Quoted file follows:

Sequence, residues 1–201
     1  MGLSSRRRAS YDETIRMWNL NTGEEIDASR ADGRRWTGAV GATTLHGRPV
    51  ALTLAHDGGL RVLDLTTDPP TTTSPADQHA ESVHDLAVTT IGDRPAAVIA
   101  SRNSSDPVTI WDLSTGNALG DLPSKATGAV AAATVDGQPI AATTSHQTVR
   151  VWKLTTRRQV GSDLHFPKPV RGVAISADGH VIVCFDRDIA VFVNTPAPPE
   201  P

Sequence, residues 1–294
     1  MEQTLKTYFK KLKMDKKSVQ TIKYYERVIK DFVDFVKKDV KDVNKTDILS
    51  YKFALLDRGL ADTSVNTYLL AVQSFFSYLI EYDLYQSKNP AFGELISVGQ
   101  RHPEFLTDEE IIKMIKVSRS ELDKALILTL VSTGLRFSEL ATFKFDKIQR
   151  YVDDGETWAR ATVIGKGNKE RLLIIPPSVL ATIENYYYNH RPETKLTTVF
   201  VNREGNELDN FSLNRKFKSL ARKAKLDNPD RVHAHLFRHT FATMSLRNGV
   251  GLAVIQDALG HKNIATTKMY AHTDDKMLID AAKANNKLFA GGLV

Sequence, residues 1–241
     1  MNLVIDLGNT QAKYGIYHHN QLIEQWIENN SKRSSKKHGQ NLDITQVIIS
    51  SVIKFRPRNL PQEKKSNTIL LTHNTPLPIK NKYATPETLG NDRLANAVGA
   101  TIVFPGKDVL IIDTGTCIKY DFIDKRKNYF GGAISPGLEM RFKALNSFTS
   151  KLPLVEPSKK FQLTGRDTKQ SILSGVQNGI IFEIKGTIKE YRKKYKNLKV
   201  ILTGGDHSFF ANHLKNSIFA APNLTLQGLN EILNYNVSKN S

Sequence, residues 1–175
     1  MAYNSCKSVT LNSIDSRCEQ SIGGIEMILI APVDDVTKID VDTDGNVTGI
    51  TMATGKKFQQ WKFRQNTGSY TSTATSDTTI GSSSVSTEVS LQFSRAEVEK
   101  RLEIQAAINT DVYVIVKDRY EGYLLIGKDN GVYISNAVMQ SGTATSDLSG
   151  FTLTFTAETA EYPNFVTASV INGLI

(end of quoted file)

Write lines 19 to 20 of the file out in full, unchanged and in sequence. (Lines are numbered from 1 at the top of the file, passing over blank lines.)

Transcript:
   201  ILTGGDHSFF ANHLKNSIFA APNLTLQGLN EILNYNVSKN S

Sequence, residues 1–175